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Stroke

A stroke is a medical emergency where blood flow to the brain is either reduced or stopped, depriving brain tissue of essential oxygen and nutrients. A stroke may cause loss in brain function and affect movement and speech.

HCAH_Specialty_NeurologicalCare_Stroke

Primary Stroke Center in Fort Walton Beach, Florida

HCA Florida Fort Walton-Destin Hospital offers 24/7 emergency treatment for patients with stroke symptoms, providing comprehensive care from initial diagnosis to rehabilitation.

As a Primary Stroke Center, we have earned recognition from The Joint Commission for following treatment standards based on clinical practice guidelines. This means that, when a stroke occurs, we can offer you the fast, expert treatment that is critical to prevent long-term disability or even death.

Related specialities

Our stroke treatments and services

In addition to diagnosing and treating strokes, we offer many supporting services to help you and your loved ones heal and recover.

Stroke rehabilitation

Depending on the severity and type of stroke a patient experiences, rehabilitation may be needed to aid in the recovery process. Rehabilitation does not reverse any brain damage caused by a stroke. However, it can substantially help achieve the best possible outcome for long-term recovery.

On our campus, the Rehabilitation Institute of Northwest Florida offers the Active Adult Stroke Program, which provides inpatient rehab services to stroke survivors. This institute is the Tri-County's only facility recognized by the Commission on Accreditation of Rehabilitation Facilities (CARF) International as a Stroke Specialty Program.

Our Active Adult Stroke Program is led by a board-certified physician with expertise in stroke rehab. Patients have access to a range of therapies and advanced technologies to aid in recovery, including:

  • Bodyweight supported exercise equipment
  • Family and caregiver training
  • Fully equipped kitchen, bedroom, bathroom and laundry environments for therapy training
  • Neuromuscular retraining
  • Neuropsychological testing
  • One-on-one therapy with physical, occupational and speech therapists
  • Stroke prevention education
  • Vital stimulation therapies provided by a certified therapist
  • Vocational, family, financial and intimacy counseling

This program offers patients an environment designed specially to enhance the rehabilitation process. Our 20-bed facility includes:

  • All private rooms
  • A designated computer for patient internet access
  • 24/7 emergency services
  • Large communal spaces
  • Open visitation policy
  • Real-life home environments
  • Wi-Fi access for guests

Tours of the facility are available with no appointment necessary.

Stroke support group

We are proud to sponsor the Folks with Strokes support group. The group is open to any individual who has experienced a stroke, their family members and people who want to prevent a future stroke.

The group meetings every other month starting in January. For more information, please call (850) 315-4245.

Stroke prevention for patients with atrial fibrillation (AFib)

Surgeons at our hospital were the first in the Tri-County area to implant the innovative left atrial appendage closure (LAAC) device. This device can be inserted through a single procedure and reduces the risk of stroke in patients with non-valvular AFib.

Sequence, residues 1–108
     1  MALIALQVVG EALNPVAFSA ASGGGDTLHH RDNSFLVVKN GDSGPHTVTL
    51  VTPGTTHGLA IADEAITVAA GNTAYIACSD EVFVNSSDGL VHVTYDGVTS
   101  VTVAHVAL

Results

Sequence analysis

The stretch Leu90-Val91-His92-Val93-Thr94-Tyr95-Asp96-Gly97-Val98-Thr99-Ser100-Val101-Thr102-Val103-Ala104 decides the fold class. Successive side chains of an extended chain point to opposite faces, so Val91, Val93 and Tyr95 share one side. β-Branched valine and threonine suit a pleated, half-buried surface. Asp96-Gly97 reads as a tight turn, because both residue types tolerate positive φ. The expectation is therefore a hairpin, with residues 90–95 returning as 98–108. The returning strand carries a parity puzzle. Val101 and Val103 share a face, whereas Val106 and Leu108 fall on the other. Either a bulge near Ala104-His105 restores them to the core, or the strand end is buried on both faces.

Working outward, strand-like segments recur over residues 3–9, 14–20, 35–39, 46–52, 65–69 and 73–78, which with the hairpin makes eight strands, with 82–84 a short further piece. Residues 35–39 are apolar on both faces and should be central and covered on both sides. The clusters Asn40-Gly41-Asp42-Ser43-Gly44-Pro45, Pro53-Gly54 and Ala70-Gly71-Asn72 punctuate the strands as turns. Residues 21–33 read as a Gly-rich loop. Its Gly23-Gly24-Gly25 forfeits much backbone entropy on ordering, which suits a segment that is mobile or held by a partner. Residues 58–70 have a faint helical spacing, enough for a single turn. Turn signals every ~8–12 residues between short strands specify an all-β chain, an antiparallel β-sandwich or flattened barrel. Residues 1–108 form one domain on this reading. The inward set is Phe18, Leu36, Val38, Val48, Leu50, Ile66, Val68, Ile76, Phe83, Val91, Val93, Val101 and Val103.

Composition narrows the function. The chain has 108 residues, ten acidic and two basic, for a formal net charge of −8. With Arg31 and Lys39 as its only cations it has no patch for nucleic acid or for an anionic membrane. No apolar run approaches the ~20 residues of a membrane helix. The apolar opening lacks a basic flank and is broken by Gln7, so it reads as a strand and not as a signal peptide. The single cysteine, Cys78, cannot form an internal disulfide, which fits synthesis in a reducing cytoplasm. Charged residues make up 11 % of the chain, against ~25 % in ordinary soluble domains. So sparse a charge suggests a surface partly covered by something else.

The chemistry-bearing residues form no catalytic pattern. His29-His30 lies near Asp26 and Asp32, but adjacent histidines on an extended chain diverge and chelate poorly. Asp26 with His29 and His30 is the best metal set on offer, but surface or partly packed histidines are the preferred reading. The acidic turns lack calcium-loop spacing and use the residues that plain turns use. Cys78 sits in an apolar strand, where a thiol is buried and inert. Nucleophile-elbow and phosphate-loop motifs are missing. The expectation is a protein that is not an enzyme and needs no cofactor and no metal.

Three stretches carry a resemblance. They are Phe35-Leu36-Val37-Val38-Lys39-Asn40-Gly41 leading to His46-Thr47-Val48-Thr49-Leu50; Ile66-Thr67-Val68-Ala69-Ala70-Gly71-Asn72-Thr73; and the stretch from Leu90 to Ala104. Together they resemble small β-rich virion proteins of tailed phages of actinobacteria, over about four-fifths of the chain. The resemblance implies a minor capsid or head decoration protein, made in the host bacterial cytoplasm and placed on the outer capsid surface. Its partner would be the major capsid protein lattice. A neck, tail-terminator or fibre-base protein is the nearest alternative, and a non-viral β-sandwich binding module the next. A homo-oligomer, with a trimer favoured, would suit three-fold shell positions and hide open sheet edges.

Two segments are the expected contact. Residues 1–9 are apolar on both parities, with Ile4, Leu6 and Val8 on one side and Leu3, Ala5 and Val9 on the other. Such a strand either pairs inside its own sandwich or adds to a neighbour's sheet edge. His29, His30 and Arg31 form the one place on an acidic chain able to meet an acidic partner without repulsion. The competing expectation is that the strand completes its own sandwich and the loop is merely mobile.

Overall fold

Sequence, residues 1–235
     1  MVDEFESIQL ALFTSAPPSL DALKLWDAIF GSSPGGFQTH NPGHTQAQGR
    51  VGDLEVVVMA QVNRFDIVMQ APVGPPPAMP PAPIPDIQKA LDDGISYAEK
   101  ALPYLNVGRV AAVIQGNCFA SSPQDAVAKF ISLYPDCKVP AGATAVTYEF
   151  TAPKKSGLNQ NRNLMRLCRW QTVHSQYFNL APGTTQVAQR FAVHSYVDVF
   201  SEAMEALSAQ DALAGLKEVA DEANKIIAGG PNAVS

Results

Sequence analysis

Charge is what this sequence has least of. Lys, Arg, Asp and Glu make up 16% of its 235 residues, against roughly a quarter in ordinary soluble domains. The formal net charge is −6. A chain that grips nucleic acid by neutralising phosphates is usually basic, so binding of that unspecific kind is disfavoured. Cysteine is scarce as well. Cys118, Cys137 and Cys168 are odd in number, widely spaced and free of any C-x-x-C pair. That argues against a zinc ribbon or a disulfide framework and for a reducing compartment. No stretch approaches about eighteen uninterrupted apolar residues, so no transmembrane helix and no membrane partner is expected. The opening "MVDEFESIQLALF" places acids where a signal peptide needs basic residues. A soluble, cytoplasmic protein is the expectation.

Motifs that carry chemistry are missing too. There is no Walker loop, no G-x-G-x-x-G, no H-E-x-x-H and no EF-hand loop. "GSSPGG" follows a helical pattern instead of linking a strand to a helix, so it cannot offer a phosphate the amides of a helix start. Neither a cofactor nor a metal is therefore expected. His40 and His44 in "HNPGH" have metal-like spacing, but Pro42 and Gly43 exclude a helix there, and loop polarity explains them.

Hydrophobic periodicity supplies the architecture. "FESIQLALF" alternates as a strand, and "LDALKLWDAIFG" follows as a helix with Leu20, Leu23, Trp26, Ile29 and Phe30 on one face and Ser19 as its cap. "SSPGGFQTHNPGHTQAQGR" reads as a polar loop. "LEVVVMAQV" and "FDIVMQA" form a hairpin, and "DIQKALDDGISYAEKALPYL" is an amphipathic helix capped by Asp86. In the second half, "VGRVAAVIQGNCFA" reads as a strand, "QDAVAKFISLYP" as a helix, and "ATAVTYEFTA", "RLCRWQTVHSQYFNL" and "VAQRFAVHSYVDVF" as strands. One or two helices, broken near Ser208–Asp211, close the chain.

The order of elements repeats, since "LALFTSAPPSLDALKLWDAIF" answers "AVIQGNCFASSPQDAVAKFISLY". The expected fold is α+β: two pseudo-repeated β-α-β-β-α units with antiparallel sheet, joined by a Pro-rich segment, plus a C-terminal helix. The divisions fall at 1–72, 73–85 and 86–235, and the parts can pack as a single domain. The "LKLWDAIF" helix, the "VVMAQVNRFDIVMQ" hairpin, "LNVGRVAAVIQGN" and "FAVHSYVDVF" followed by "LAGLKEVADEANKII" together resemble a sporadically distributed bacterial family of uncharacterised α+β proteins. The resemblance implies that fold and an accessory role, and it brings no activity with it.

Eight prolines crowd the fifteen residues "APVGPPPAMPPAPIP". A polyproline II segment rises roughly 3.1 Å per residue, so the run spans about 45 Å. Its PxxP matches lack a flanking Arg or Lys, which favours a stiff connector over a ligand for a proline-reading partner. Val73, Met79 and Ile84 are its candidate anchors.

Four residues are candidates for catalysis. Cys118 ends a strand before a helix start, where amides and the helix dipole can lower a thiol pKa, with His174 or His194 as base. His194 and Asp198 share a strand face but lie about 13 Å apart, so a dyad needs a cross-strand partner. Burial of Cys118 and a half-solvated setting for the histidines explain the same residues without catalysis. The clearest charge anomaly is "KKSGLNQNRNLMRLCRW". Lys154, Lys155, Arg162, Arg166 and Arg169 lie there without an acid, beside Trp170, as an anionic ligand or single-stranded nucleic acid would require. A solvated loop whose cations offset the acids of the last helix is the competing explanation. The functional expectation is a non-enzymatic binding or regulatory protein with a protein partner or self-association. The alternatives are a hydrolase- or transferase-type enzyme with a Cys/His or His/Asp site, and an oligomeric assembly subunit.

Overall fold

This device is permanent once placed, and heart tissue will begin to grow over it.

Most patients are able to stop taking blood-thinning medication within 45 days after surgery.

Understanding stroke

A stroke is a serious medical condition that requires immediate emergency care, which is why being knowledgeable about strokes can help save a life.

Types of stroke

A stroke is caused by interrupted blood flow to part of the brain. When blood flow is stopped, that part of the brain can’t receive oxygen and other nutrients. This causes brain cells to die and can result in permanent damage, even death.

There are different types of strokes, including:

  • Hemorrhagic stroke: when a blood vessel ruptures and blood leaks into the brain
  • Ischemic stroke: when a blood clot blocks blood flow to part of the brain
  • Transient ischemic attack (TIA) or "mini stroke": when there is temporary interruption of blood flow to part of the brain
Stroke symptoms

It’s important to be able to recognize signs of a stroke so you can act quickly when they occur. Common stroke symptoms include sudden:

  • Confusion
  • Dizziness
  • Loss of balance or coordination
  • Numbness, weakness or paralysis of the face, arm or leg (especially on one side of the body)
  • Severe headache with no known cause (may be accompanied by pain in the face or stiffness in the neck)
  • Trouble seeing in one or both eyes (such as blurred, blackened or double vision)
  • Trouble speaking
  • Trouble walking

The symptoms of a TIA are the same as those of a stroke, but they usually last only a few minutes.

If you think someone is experiencing a stroke, call 911.

Stroke risk factors

There are certain factors and conditions that may put you at risk for stroke. However, some of those conditions can often be treated. Some of the major risk factors for stroke include:

  • Being 55 years old and older
  • Having a family history of stroke
  • Having AFib
  • Having diabetes
  • Having heart disease
  • Having high blood pressure
  • Having high cholesterol
  • Having poor circulation

Health Snippets — Stroke

Strokes occur when blood is either restricted or cut off completely to the brain and time can literally be lifesaving. Use the FAST system to identify signs of a stroke.
Caitlin Day, RN

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